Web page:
Tarantino's films contain cultural references that are almost always front and centre. His successful reworking of various cinematic motifs is the result of his keen eye for pop-kitsch, his sense of rhythm and a deep understanding of the various pulp movie genres he's drawing on. Part of the joy of watching a Tarantino film is piecing together which films, music and cultural cul-de-sacs he's riffing from this time. The results have ranged from the slickly humourous Reservoir Dogs to the genre-specific Kill Bills to the fairly traditional Jackie Brown and the nearly perfect distillation of '70s cool, Pulp Fiction. As often happens with one-note directors (even the extremely accomplished ones like Tarantino), the creative well can run dry. The hook loses it's freshness and projects begin to seem repetitive. After all, no director is Death Proof.

Inglourious Basterds therefore seemed a sensible choice of period and subject matter for a Tarantino film because it had the potential to push the film maker into new cinematic territory. His chief preoccupation up to this point has been the movies of the '70s (and maybe more specifically, updating and reworking the iconic individual characters from those movies, spinning some groovy tracks and making them his own). After a particularly well-staged opening sequence where German actor Christoph Waltz delivers a tour-de-force performance as the German colonel and legendary "Jew hunter" Hans Landa, Inglourious Basterds seemed, at least momentarily, like a complete departure for Tarantino. I was intrigued to say the least. Unfortunately, the film quickly reverts to predictable Tarantino form and stays there for another 2 ½ interminable hours.

Those that share Tarantino's obsessions with cinema, music and ritualized violence will enjoy Inglourious Basterds, which undoubtedly possesses more than its share of quality moments. Finest by far is Waltz, who appears in that fabulous opening sequence, confronting a French dairy farmer whom he suspects of harboring a fugitive Jewish family. As he drinks a glass of the farmer's milk, Waltz's Landa is the personification of evil - a smiling, menacing almost playful evil that sent shivers down my spine. He is one of the great bad guys in cinematic history. This first scene turns out to be the template for much of what follows - people talking followed by explosions of brutal and graphic violence. What's more, it ends with the movie's most problematic poser, a gesture that is completely out of keeping with Landa's character, but without which the movie would have nowhere to go. He lets the girl get away.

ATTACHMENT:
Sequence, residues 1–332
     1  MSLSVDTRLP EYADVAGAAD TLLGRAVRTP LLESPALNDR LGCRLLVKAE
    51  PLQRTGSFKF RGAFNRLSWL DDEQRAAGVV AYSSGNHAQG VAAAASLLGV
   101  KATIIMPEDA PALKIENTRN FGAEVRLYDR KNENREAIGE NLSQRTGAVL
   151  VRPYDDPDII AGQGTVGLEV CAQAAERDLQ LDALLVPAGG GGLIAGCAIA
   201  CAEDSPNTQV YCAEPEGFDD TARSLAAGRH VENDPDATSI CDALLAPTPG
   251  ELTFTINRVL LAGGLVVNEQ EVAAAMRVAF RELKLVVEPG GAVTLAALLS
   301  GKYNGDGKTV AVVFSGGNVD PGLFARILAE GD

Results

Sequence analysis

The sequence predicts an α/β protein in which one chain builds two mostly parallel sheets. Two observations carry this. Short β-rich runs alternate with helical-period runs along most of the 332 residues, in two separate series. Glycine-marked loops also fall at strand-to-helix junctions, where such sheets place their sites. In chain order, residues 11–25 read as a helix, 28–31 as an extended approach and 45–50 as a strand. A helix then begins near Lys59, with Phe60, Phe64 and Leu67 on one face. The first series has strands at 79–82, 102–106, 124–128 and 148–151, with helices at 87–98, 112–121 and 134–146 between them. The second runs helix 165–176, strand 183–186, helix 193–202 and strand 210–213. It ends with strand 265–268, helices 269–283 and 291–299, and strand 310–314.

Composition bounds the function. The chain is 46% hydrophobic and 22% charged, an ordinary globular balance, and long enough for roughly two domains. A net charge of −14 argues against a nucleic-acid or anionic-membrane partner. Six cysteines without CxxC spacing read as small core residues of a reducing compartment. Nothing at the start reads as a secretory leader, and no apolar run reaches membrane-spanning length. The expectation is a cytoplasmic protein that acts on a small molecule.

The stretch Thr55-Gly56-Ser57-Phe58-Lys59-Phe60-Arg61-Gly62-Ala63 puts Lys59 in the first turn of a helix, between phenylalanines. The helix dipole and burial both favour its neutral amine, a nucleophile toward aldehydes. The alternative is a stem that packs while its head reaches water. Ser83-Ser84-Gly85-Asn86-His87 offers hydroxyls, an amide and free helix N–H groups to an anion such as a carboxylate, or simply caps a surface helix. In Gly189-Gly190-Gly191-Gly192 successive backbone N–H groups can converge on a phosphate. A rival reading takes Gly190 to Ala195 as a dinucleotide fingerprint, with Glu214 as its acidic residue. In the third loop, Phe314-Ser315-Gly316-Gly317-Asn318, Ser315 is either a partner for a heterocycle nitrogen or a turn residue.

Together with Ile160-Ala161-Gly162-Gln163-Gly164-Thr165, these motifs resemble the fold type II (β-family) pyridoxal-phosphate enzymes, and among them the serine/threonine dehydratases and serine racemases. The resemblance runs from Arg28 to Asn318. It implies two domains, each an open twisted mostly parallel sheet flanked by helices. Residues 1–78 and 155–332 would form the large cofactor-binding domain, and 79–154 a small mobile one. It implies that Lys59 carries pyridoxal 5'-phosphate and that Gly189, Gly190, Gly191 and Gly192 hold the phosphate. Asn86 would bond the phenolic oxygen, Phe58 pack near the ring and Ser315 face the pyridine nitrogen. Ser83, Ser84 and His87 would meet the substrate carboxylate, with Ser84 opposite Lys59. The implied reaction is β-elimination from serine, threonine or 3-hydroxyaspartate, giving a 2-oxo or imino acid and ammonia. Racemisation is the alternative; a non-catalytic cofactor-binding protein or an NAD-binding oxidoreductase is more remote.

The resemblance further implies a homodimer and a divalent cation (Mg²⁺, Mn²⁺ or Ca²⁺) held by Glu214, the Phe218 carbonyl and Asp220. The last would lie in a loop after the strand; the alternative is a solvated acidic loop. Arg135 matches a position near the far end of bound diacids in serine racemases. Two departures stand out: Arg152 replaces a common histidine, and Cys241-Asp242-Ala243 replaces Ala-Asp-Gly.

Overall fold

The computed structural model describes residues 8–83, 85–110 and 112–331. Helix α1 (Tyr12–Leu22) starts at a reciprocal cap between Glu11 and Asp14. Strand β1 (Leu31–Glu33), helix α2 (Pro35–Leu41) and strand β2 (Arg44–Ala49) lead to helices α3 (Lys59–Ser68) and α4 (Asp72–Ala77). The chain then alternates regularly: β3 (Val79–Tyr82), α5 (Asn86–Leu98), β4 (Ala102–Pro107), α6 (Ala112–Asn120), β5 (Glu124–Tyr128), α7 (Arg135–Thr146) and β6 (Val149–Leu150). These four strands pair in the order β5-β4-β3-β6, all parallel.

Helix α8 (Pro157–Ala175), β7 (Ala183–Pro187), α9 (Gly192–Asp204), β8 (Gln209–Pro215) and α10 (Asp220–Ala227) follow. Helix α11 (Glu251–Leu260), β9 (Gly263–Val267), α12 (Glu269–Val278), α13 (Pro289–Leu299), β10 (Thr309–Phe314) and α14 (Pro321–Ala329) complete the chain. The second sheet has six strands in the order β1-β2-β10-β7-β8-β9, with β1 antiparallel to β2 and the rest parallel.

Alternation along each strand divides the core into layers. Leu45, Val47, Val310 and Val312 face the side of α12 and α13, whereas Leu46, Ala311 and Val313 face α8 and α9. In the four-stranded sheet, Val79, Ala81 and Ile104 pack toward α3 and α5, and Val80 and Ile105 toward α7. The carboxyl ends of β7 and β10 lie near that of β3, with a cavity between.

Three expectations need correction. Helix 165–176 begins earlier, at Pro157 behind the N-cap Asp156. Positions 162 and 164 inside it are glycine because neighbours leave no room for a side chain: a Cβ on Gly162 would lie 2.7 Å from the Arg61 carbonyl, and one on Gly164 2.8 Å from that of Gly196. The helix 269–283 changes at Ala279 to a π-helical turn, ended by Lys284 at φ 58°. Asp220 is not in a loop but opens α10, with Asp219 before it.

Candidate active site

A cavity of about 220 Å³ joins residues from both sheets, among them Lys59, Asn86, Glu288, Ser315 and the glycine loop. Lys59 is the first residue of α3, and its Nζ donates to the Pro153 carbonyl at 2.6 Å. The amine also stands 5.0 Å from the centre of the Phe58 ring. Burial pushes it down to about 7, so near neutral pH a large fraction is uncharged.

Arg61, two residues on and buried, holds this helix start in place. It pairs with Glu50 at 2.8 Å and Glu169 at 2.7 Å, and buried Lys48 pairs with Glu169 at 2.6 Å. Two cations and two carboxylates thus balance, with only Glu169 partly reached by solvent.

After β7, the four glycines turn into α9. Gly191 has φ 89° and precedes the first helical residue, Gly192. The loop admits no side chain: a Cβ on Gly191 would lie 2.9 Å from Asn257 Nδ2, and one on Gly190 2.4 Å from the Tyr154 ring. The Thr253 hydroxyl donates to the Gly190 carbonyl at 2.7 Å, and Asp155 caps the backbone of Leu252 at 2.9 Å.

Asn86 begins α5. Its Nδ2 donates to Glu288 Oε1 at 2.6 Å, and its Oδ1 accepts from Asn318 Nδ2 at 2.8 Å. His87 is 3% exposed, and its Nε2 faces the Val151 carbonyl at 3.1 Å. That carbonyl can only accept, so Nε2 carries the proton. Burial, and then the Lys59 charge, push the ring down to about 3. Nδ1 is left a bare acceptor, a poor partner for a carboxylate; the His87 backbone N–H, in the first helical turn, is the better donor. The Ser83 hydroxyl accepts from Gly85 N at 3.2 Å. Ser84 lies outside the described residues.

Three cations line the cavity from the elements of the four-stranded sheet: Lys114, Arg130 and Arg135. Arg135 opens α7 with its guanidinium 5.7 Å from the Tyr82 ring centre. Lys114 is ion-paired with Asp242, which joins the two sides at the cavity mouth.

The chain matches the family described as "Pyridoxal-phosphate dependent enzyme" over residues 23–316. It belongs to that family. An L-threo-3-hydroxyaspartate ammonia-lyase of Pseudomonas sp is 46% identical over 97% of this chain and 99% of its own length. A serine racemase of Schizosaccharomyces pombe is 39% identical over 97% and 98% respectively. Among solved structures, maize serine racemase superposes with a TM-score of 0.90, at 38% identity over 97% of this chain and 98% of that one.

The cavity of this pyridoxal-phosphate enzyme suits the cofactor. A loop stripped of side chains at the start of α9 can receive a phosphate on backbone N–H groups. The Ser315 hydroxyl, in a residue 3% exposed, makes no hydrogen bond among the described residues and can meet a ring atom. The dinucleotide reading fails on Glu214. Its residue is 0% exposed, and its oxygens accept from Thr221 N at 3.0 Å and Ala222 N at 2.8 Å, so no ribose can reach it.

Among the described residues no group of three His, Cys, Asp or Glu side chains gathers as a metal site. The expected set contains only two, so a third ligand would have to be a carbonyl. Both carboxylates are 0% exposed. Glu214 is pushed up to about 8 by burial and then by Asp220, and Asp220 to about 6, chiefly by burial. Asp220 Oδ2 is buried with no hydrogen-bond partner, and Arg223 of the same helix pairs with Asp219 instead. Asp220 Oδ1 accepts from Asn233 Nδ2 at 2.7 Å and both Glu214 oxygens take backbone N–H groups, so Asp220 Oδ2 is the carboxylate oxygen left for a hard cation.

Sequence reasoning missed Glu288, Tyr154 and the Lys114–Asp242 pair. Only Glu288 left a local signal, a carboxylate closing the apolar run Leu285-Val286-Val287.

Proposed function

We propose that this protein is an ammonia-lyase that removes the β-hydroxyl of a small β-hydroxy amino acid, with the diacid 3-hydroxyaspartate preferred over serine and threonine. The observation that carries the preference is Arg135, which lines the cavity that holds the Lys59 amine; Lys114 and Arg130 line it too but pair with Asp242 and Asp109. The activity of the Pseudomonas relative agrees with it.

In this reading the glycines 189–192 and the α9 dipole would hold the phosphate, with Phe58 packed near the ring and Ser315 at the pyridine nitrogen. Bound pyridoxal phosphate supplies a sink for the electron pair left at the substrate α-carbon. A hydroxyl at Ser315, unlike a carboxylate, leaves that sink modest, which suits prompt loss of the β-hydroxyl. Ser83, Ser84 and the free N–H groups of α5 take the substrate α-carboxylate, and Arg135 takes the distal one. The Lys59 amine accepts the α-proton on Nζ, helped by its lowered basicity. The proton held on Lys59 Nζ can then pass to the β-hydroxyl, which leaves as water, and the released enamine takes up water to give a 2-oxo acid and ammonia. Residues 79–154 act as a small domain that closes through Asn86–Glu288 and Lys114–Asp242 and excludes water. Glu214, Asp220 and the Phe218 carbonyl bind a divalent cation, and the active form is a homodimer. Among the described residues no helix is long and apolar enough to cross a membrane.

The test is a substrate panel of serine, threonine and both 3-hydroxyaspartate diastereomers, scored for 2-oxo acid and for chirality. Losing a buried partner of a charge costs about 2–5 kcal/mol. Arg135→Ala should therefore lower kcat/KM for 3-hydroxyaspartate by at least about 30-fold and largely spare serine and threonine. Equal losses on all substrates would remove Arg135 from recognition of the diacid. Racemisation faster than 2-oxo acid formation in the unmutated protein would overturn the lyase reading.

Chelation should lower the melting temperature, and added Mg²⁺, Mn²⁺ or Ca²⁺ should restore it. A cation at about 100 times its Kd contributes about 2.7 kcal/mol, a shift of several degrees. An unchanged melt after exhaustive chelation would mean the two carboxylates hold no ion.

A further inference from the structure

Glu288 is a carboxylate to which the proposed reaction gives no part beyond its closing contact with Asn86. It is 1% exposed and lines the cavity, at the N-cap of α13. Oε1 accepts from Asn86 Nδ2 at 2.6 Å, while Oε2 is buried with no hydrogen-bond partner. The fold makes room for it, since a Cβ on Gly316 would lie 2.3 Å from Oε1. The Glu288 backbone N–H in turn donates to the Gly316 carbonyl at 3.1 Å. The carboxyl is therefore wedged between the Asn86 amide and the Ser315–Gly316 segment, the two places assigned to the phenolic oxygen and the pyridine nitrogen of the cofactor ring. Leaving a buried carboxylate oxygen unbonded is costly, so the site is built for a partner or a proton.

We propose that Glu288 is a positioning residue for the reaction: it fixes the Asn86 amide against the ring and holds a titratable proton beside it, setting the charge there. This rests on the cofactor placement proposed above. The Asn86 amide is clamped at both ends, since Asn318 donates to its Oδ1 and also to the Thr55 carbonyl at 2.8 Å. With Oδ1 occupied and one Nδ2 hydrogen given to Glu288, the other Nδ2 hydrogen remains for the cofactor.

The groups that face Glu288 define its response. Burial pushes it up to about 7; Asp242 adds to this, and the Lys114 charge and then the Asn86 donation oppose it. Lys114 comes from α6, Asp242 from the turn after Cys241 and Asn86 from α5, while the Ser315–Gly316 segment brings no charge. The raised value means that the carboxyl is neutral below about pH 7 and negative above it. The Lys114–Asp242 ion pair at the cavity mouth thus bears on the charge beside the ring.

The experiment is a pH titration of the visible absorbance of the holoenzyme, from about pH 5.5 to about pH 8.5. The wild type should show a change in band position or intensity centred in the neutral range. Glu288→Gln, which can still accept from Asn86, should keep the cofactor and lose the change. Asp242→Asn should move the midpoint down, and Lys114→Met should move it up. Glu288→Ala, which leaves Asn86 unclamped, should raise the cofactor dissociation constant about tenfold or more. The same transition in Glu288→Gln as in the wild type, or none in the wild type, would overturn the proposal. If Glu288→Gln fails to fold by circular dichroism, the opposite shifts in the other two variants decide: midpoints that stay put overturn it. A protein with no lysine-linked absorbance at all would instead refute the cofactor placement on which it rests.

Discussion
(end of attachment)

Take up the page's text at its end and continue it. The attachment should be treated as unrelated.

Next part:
At the risk of pouring over the details of the final 2 hours of plot, Inglourious Basterds is little more than an adult fairy tale. In Tarantino's defense, he announces his intentions right out of the gates in a title that reads, "Once upon a time in . . . Nazi-Occupied France." There are enough moments of sadistic violence peppered throughout the film to satisfy and reward the Kill Bill crowd, who just can't get enough of guts, gore and torture. There are enough film references in Inglourious Basterds that it often feels like a tutorial in prewar German cinema history. Actors channel everyone from Marlene Dietrich to Trevor Howard but in the end Inglourious Basterds feels less like bold revisionism than an exercise in lurid revenge fantasy. Death by Cinema. Film as weapon. Jewish Apache Ninjas. As usual, Tarantino wears his self-serving symbolism on his sleeve but this time he's elevated himself to the role of Director as Avenging God. It grew tiresome quickly. Our cream puff generation would last about 30 seconds in a real WW2 firefight and everyone knows it.